dence screening and data compilation and analysis can be approached by synthesizing diverse types and sources of evidence.
In a mixed-method synthesis of evidence, Connelly and colleagues (2007) combined a systematic review of eligible quantitative trials with qualitative content analysis of descriptive data on interventions, as reported in the studies. Because the approach relies on the realist philosophy of science that examines causal pathways while acknowledging social realities (as opposed to the logical-positivistic philosophy of traditional laboratory science), this approach to evidence synthesis has been referred to as a “realist review.” The topic was prevention of childhood obesity and overweight. The authors began with a search of four electronic databases (including MEDLINE and PsychInfo) and applied published criteria to screen studies for quality and inclusion (e.g., execution of random assignment or other controls in study designs, sample size, lack of subject attrition, measurement validity and reliability, treatment duration and fidelity). This procedure initially identified 30 RCTs or controlled trials. Trials were included if they had a measured index of adiposity (the outcome), a population aged 0-18, and a 12-week follow-up to treatment. Blind to the study outcomes, the authors then sorted the studies into two categories based on a systematic content analysis of the intervention descriptions provided, using an “intensity of physical activity” indicator. This procedure allowed them to qualitatively separate “compulsory” from “voluntary” activity interventions. The authors then proceeded with the evidence synthesis, summarizing effects found across studies by group. Their conclusions showed that while nutrition education, skills training, and physical education were not effective in controlling childhood obesity, compulsory rather than voluntary physical activity was. Notably, the effects were not evident with the undifferentiated physical activity indicator in the overall sample. According to the authors, their rational, realist review permitted them to link the physical activity type causally with decreases in overweight and obesity.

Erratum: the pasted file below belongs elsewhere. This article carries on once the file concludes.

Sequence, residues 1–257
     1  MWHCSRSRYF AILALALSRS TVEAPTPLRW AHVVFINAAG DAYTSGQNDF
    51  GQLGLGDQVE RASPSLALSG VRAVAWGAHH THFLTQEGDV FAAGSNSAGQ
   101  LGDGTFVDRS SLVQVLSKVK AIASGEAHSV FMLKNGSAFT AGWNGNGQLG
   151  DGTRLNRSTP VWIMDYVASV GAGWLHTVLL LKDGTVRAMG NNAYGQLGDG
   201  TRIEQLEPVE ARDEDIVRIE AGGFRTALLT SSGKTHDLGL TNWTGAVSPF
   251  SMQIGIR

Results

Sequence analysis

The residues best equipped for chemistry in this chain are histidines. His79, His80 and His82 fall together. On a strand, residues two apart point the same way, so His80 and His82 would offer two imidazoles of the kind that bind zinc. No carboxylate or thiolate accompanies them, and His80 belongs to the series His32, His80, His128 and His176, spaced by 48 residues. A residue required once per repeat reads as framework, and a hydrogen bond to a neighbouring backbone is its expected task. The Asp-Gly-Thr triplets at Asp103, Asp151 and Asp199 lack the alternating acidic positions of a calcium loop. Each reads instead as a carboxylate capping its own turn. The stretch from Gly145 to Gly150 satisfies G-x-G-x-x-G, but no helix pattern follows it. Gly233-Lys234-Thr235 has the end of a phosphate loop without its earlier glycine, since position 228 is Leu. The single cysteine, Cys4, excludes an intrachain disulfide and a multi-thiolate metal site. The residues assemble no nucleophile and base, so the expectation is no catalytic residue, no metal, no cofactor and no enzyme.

Parallel practice evidence is an indirect form of research evidence. Evidence of the effectiveness of an intervention in addressing another public health issue using similar strategies—such as the role of social marketing, curriculum programs, or financial factors in reducing smoking, speeding, or sun exposure—may have implications for an obesity-related outcome such as dietary intake. Here, the characteristics of the original research or evaluation reports, such as how the evidence was generated, whether the work was peer-reviewed, where the work is published, and the credentials of the author(s), help determine the quality of the evidence (Swinburn et al., 2005). Should such data be available in the form of a compiled policy brief or legal brief, again the quality of the evidence should be carefully evaluated based on the original data sources. Ideally, information about quality assessment would be incorporated into the report, with an explanation of the criteria used and a clear statement of the study